- China central bank to legalise part of private loans (Reuters)
- Bini Smaghi’s Resignation From ECB Opens Board Seat for France (Bloomberg)
- Goldman Sachs in China: Best Investment Ever? (WSJ)
- Europe Rebuked Over Crisis by Asia-Pacific Nations Seeing Expansion Weaken (Bloomberg)
- China ‘Big Four’ Banks Lent CNY240 Bln Loans In Oct (MNI)
- Progress Amid the US Deficit-Cut Noise (Reuters)
With Italian bonds giddy at the prospect of changing one worthless political muppet with another, if only for a few hours, and especially with the stern and long overdue assistance of the ECB (we will find out how many bonds Mario Draghi bought this week to preserve the price stabeeleetee next Monday - we expect the SMP cumulative total to pass €200 billion, a number which will delight Germany), it is becoming increasingly clear that France needs to be urgently added to the list of countries eligible for ECB secondary market "sponsorship", because while Italy yields are gapping in, Franch Bund spreads have since blown out back to record levels, following some modest tightening earlier in the morning. And unlike yesterday, this time there are no downgrade rumors to be blamed. At least not yet.
Minutes ago the Italian Senate, in a vote that passed 156 to 12, approved a key budget bill, paving the way for final passage tomorrow in
the Chamber of Deputies that will lead to Prime Minister Silvio Berlusconi’s resignation. The market reaction as judged by the EURUSD has been oddly muted with just 15 pips the immediate move higher, implying this has been largely priced in. The question, is noted previously, is whether Mario Monti will be able to form a unity government or if the country will proceed with drawn out elections in which Silvio himself will participate as well.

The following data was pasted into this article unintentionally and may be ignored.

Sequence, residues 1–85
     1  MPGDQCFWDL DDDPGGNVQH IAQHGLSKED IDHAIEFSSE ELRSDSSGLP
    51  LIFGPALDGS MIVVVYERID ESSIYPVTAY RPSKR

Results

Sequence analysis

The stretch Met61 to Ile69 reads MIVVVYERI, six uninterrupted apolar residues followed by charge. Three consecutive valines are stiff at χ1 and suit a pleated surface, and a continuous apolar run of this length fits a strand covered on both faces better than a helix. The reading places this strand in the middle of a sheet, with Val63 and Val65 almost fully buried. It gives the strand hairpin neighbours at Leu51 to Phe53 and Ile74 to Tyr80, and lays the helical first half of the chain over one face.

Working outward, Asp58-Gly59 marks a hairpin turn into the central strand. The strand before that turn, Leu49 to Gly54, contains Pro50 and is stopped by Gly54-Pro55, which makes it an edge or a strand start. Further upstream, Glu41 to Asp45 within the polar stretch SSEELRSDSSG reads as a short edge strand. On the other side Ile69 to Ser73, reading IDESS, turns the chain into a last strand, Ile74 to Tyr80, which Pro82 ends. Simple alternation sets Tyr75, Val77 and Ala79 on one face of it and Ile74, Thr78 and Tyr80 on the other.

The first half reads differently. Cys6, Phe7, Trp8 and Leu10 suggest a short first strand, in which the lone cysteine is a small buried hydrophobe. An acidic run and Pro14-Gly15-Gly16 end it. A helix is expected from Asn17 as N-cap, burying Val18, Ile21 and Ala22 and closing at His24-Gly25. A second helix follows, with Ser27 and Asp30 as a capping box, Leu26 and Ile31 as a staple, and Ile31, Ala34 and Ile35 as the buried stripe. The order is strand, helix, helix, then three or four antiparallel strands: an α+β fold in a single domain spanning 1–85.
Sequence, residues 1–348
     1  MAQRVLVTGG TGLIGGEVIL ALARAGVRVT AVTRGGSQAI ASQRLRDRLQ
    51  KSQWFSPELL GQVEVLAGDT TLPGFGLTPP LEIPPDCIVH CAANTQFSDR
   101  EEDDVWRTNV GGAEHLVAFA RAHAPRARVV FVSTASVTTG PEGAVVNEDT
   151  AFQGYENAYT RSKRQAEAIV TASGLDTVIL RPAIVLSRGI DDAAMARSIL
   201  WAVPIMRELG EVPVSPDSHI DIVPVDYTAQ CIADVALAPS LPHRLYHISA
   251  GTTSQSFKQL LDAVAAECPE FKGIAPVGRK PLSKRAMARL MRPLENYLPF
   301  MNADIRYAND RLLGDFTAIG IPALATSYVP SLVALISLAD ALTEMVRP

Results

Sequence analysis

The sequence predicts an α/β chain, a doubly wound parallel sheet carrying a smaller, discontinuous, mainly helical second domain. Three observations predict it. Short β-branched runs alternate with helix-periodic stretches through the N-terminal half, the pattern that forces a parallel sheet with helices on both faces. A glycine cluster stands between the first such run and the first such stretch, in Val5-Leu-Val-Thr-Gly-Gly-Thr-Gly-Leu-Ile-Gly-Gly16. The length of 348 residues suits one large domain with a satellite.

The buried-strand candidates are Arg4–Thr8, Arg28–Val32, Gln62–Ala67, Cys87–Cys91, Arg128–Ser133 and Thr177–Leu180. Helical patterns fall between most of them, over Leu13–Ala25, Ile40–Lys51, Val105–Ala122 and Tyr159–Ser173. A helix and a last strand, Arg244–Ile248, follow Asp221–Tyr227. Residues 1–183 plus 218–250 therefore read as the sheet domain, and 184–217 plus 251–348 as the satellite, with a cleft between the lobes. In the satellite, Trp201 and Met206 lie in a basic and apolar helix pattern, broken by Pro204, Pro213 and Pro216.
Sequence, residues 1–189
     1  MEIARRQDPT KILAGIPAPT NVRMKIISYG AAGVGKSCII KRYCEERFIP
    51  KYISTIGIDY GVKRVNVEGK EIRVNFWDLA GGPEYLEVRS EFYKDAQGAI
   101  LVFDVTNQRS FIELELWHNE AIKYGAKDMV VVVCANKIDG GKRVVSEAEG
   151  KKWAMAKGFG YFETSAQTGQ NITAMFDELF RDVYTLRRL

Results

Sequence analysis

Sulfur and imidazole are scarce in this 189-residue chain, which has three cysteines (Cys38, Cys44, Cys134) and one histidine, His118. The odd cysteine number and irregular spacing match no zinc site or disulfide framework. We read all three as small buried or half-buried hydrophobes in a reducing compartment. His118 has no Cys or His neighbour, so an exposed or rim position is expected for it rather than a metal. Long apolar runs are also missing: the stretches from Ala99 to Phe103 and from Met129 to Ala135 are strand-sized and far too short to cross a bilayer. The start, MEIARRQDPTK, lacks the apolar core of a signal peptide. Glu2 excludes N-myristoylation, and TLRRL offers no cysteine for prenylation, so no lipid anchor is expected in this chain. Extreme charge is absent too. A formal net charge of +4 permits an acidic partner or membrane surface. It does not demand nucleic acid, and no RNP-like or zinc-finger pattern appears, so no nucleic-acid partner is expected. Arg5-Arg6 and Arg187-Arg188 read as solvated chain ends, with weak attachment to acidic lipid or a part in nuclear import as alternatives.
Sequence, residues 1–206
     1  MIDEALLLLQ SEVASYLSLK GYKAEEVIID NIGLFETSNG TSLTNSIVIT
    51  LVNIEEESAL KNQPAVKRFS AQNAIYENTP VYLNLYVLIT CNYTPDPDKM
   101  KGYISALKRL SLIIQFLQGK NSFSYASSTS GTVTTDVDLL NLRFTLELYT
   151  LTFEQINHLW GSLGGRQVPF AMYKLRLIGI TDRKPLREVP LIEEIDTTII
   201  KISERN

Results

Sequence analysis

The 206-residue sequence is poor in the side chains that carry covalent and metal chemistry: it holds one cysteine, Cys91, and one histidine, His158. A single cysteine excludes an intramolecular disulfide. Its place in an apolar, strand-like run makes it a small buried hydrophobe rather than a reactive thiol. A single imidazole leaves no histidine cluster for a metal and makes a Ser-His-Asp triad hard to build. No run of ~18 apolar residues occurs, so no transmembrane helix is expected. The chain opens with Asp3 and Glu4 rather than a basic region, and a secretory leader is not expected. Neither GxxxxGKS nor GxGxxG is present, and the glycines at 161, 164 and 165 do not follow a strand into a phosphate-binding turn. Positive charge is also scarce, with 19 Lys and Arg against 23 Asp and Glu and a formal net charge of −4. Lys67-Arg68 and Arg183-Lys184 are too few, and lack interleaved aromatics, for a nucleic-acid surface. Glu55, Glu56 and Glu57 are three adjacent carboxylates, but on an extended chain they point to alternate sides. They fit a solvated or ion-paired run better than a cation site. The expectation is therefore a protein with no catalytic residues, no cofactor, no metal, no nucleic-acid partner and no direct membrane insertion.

Spreads across Europe are tighter today, and stocks higher, as investors hope that a power shuffle at the top in Greece and Italy, where the placement of two Fed and ECB puppet rulers, would change decades of flawed fiscal planning and destructive habits. Of note, the catalysts inducing a substantial rise in French, Italian, Belgian and Irish bonds, is the expectation of a new Greek government as well as the Italian Senate voting on approving the 2012 budget and passing austerity measures (which it has already done before, and nothing happened) such as increasing the retirement age by 2 years in 15 years. The vote itself is a symbolic ouster to Berlusconi who has previously said he would retire the second the budget is passed. The question remains what happens after Berlusconi falls: elections or a new technocratic consensus government, headed by Mario Monti, and whether the ECB will support whatever course Italy takes. So needless to say prepare for vicious 50-100 pip moves in the EURUSD, and with every pip amounting to 1-3 DJIA point, the volatility in the market today will be significant. Buckle in. In other news, the one fundamental question that needs some answer before all this is over, namely how Italy will fund €300 billion in debt maturities and interest payments over the next year, with the EFSF now a formal dud, remains unanswered, and will, as there is no answer.
Unlike their French counterparts, it appears the hapless (or sensible) Italian demagogues have decided not to extend the short-sale ban that was enacted three months ago. With the US Treasury market closed and volumes likely thin elsewhere, we wonder what outlet the flight-to-safety flow will take as Italian bank equity reality is unleashed. In general the CDS market took the systemic brunt of the hedging and protection-seeking since the 8/11 ban and it seems likely that Intesa Sanpaolo and Mediobanca have the most to fall to catch up with peers in equity while UniCredit seems to have the most to lose in equity to catch up to CDS performance.